‘Fade’, a work that is by now ten years old, is more immediately stark: the pianist plays a repeated (pedall’d) note, slowly, before pausing and playing a repetition of a different note, pausing again, playing another note, and so on. There’s a kind of lag here that’s implied in the title – not in the sense of “echoes, dying, dying, dying”, but as something vaguer, a slight blurring at the edges, repetition of the note not so much emphasising it as enclosing it in a kind of haze (a consciousness emerging from the use of delay effects that’s been enabled by electronics). I’d concur with Yuko Zama, who writes that, “in Pisaro’s piano pieces, the composer and performer’s personal voices are not on the centre stage” [1]; but this does not make the piece in any way ‘mechanical’, ‘cold’, ‘impersonal’, etc: rather, we approach an egolessness that is at the heart of much post-AMM ideology, and that has something akin to the communal approach which western classical music forgot about for a couple of centuries, but which the rest of the world managed to retain and partially teach us back once we began to realise our mistake. I’m not saying that Pisaro’s music really has make in common with any of these communal musics – in terms of sound it’s very much part of a particular western lineage (the piano being the ultimate symbol of western classical music, even) – but it does approach similar insights from a different angle, particularly on this disc’s third track.

‘Fields Have Ears 4’, the most recent piece, expands things right out, to include an ensemble of fourteen players (in which Thomas’ piano is the most prominent and recognisable sound), but it manages the feat of making the large group sound incredibly delicate and small. Here we have exhalations, indentations, modifications of silence; slight change, but no ‘development’ as such. And yet something is changed; as the ensemble musically breathe together, as they repeat the process of unison sounds followed by silences, those sounds and those silences start to change, to shift. Whilst one is first conscious of Thomas’ chiming chords – a kind of early signal at the start of the sounding sections – and can just about pick out a clarinet from the quiet cloud of players, one gradually comes to recognise other elements in the texture; in particular, at the prickling edge of stereo picture (preventing things from becoming too smoothly ‘pure’), the rustle/crackle of Patrick Farmer’s natural objects. How a large ensemble controls itself to such quietude is quite astonishing, and lends the piece something which a small group playing at the same level could not have achieved – and something which is more than just a trick or an example of human dexterity.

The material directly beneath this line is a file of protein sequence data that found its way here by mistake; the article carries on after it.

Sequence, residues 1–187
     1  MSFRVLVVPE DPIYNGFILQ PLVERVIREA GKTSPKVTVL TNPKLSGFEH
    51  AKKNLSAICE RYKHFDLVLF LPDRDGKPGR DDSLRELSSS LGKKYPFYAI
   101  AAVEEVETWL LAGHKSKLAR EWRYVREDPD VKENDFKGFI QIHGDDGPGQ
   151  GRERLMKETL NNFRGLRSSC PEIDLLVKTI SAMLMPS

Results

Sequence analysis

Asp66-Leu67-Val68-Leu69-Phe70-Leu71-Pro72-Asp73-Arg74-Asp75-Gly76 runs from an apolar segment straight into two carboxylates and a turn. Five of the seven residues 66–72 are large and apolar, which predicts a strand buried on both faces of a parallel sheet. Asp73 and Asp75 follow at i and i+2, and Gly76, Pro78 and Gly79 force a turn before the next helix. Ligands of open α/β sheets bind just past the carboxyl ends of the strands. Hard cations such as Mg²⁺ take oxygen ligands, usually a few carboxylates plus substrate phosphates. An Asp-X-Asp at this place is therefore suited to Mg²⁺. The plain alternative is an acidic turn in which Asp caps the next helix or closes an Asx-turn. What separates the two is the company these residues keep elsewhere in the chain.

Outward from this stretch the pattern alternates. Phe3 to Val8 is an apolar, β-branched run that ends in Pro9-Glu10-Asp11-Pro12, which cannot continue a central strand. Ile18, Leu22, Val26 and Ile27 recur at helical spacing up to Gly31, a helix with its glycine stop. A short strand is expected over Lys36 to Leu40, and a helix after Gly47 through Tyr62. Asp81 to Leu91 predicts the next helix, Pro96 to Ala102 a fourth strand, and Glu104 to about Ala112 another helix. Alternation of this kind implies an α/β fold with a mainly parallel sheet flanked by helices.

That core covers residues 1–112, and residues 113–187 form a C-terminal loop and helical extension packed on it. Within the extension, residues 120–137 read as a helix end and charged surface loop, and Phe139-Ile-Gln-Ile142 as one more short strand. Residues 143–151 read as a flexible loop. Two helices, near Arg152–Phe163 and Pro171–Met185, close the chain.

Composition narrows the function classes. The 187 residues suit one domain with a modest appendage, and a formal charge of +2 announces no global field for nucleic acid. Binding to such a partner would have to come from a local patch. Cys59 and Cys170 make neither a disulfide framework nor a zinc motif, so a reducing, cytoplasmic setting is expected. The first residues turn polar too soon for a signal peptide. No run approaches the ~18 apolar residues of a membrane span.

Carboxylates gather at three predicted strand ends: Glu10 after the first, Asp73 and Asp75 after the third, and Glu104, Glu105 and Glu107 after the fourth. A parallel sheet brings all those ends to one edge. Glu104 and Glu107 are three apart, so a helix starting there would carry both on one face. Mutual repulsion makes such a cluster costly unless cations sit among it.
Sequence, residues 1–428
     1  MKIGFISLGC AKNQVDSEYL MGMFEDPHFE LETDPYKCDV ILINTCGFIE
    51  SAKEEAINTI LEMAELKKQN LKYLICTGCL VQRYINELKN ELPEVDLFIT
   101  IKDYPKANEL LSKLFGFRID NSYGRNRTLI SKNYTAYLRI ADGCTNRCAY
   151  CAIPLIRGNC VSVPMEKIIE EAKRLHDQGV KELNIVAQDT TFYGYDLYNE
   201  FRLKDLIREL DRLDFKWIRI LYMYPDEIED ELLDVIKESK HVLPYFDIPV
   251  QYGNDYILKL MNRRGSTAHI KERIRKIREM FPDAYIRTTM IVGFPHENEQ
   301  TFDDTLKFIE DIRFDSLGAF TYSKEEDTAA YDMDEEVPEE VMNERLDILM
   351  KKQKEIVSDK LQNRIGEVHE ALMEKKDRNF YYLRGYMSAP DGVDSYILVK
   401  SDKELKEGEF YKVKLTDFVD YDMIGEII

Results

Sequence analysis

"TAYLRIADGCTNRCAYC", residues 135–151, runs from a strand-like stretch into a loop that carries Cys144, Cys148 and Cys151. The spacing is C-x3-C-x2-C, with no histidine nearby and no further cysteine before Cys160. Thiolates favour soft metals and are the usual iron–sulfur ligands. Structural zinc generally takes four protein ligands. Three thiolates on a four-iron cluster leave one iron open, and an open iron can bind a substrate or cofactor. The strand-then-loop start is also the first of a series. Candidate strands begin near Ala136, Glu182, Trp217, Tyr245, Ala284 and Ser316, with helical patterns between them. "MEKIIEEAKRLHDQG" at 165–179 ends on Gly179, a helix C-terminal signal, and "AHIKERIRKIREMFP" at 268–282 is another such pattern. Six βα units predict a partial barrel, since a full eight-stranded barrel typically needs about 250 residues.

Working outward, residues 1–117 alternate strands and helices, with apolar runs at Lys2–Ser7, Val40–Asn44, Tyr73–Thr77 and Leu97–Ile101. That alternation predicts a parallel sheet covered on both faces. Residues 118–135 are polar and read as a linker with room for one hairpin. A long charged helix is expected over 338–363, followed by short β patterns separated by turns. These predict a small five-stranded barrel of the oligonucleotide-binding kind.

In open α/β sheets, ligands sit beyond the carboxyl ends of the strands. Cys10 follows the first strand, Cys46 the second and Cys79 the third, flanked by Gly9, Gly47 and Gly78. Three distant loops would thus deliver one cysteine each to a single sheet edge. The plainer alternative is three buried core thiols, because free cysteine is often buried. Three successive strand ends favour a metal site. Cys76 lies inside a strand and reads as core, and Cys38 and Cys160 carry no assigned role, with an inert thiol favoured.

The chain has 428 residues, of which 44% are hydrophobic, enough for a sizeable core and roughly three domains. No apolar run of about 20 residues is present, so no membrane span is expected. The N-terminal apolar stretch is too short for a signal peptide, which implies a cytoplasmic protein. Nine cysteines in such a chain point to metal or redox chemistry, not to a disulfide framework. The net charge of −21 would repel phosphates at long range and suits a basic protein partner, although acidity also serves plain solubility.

In both ‘Fade’ and ‘Fields Have Ears 4’, one might visualise the sounds as having physical presence – sculpturally or architecturally, as objects that hang in space – sound as such being material in space. Let’s say, somewhat fancifully, that silence functions like the air between the columns of a colonnade; or perhaps it would be more apposite to reverse the metaphor, so that the sounds are the air, the silences the actual structural that intersects and defines it. Then again, let’s just ditch the analogy altogether, for the relationship between sound and silence is more symbiotic than it allows. Sound modifies silence modifies sound (and the subsequent sound/silence of life after you listen). That’s the great legacy of 4’33”, as explored in Kyle Gann’s recent book ‘No Such Thing as Silence’ – a listening awareness expanded beyond the conventionally musical to include one’s environment as a whole (which is an expansion outward but also an expansion inward, into the ‘minute particulars’ of a particular moment or location or space – “the / flight back/ to where / we are” [2]; “the original experience of now and here and this; […] not […] to look at a different world, but to look at this same world differently.”[3]) Thus Pisaro’s use field recordings – listening back to the world and incorporating it into the music, not so much in a ‘chance’ manner, but with structural intent. If the aim is not to introduce natural sounds for aleatory effect, neither is it to mimetically replicate anything as a kind of hyper-realist version of programme music, a couple of stages beyond Respighi’s or Hovhaness’ decorative incorporation of bird- and whale-song into otherwise fairly conventional orchestral works. [4] In point of fact, the sounds we hear on ‘Fields Have Ears 1’ are not pure field recording – there are a couple of unobtrusive sine tones in there, I believe, though they take up a smaller part of the sonic picture than the tape hiss which is up-front throughout (and yet doesn’t give a lo-fi impression at all, perhaps because Thomas’ piano playing is so lovingly recorded). The danger, nonetheless, is still that one will be tempted to say ‘oh, nice bird song, that’s pretty’ and leave the music on the level of a BBC sounds effects cassette tape with some added piano chords here and there.